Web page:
Chambers' memo warns that the company's benefit costs, including health, retirement, vacation and other programs, are rising 15% a year, faster than the company's sales. At this rate, Wal-Mart, the nation's largest retailer, would spend up to $35 billion on benefits in 2011, according to the memo. As of 2005, Wal-Mart spent $1.5 billion a year on health care, with an annual growth rate of 19%.
Much of the memo aims at how to change employee behavior. Chambers particularly laments that Wal-Mart's work force is aging, more likely to experience obesity-related diseases, and is generally unsophisticated about negotiating the health care system.
"A segment of our work force consumes health care inefficiently, in a pattern similar to a Medicaid population," Chambers writes. "Our population tends to overutilize emergency room and hospital services and underutilize prescriptions and doctor visits. This pattern is most evident among our low-income associates, and one hypothesis is that this behavior may result from prior experience with Medicaid programs."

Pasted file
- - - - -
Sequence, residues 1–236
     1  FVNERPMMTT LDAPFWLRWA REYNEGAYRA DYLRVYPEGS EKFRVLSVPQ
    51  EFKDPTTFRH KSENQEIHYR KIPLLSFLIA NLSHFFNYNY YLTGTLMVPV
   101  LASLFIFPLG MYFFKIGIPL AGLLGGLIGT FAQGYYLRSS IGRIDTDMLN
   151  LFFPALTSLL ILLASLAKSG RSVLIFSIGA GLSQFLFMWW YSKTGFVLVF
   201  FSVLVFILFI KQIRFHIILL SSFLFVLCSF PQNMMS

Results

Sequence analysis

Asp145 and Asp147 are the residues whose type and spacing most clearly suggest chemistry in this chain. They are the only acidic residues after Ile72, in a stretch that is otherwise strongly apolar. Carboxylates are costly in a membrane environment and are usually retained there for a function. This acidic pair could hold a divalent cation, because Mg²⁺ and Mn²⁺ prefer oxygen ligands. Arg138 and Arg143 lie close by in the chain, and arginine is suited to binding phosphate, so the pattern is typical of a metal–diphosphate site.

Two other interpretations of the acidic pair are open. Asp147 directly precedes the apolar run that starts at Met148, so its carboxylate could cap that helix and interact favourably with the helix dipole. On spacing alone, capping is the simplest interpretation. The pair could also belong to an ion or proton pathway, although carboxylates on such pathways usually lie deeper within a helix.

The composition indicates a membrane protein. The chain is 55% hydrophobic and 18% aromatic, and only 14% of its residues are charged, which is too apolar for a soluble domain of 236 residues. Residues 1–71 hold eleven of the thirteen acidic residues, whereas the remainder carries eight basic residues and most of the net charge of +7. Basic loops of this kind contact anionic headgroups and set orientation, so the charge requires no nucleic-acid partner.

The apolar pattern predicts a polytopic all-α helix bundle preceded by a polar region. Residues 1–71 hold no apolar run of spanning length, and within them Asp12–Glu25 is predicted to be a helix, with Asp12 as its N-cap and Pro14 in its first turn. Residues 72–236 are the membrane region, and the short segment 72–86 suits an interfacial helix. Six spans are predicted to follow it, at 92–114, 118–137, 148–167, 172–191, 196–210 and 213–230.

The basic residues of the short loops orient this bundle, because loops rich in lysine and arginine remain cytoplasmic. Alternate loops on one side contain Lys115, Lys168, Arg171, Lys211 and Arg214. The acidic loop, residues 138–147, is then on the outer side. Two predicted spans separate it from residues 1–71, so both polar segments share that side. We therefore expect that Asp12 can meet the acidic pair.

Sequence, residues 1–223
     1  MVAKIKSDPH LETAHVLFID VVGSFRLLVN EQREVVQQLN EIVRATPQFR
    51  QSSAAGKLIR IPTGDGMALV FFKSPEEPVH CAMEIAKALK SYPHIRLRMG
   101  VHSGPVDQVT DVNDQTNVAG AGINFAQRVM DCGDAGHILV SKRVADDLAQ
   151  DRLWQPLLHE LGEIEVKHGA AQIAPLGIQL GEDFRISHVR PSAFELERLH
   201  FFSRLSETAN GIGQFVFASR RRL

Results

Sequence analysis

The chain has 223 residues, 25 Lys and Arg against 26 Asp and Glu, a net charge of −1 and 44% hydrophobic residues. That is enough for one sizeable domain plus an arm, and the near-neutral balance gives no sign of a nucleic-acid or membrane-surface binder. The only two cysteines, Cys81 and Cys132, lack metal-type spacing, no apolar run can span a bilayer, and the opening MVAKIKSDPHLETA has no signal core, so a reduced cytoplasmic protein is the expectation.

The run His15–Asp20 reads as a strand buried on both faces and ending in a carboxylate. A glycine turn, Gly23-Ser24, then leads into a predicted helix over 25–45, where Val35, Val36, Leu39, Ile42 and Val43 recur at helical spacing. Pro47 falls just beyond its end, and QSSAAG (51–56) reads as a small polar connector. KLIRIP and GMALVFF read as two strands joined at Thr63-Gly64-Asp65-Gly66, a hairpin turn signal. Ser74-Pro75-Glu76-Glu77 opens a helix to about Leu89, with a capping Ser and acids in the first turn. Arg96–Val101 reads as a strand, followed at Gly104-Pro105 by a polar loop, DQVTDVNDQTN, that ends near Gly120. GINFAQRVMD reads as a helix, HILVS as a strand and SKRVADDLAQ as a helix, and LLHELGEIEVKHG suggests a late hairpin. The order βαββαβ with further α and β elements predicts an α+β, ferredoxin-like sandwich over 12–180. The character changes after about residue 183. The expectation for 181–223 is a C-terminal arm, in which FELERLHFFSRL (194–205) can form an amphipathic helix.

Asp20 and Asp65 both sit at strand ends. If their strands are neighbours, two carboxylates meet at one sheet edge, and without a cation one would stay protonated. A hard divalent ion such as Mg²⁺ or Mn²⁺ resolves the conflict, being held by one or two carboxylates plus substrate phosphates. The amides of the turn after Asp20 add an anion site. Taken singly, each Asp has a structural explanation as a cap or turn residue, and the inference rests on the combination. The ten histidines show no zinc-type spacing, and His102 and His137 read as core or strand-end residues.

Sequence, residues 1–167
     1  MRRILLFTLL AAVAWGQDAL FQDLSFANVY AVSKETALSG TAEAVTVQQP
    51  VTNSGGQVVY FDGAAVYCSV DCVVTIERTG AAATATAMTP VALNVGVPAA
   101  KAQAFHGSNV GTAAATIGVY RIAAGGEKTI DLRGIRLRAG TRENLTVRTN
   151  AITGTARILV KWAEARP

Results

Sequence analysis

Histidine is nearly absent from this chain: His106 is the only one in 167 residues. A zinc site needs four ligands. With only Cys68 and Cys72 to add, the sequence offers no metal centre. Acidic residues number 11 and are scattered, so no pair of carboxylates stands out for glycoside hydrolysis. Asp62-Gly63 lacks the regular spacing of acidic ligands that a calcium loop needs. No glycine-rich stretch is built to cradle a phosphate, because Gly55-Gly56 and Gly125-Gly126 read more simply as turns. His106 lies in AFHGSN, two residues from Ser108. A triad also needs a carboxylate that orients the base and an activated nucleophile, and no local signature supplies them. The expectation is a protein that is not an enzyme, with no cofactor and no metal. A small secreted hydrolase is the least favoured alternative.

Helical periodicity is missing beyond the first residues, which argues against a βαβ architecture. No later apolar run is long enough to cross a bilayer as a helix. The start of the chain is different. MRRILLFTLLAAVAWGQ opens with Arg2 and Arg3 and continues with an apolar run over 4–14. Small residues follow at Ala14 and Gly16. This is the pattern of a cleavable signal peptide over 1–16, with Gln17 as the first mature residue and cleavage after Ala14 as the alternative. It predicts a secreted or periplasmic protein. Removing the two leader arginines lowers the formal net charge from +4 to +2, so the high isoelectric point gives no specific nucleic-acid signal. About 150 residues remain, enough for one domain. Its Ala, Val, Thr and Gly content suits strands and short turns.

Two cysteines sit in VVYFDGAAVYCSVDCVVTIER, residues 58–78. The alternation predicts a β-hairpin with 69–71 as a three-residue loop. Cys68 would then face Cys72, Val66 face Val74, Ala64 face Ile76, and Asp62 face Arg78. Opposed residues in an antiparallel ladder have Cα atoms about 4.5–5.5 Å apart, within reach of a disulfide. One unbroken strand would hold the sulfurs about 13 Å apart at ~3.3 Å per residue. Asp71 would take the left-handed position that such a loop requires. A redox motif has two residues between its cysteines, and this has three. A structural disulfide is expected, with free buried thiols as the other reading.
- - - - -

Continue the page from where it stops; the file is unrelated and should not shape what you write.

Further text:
The memo says 5% of employees are on Medicaid, compared with a 4% rate for retailers in general. The memo acknowledges that one of Wal-Mart's image problems is that some of its employees are on Medicaid.
The memo contains some strategies to combat Wal-Mart's rising health costs that many physician organizations have supported. These include the widespread use of low-premium, high-deductible insurance paired with health savings accounts as a means to expand offerings, yet have patients be more responsible for spending. The AMA has supported HSAs as a means to reduce the number of uninsured Americans.
If Wal-Mart were to adopt HSAs, that could accelerate their use among all corporations, forcing physicians to make some changes in how they operate, said Nan Andrews Amish, founder of Big Picture Healthcare, a El Granada, Calif., company that provides strategic and marketing consulting services to health care organizations. "When the individual is much more concerned about their health expenditure, they are going to push back much more against doctors who don't talk to them about what they are buying," Amish said.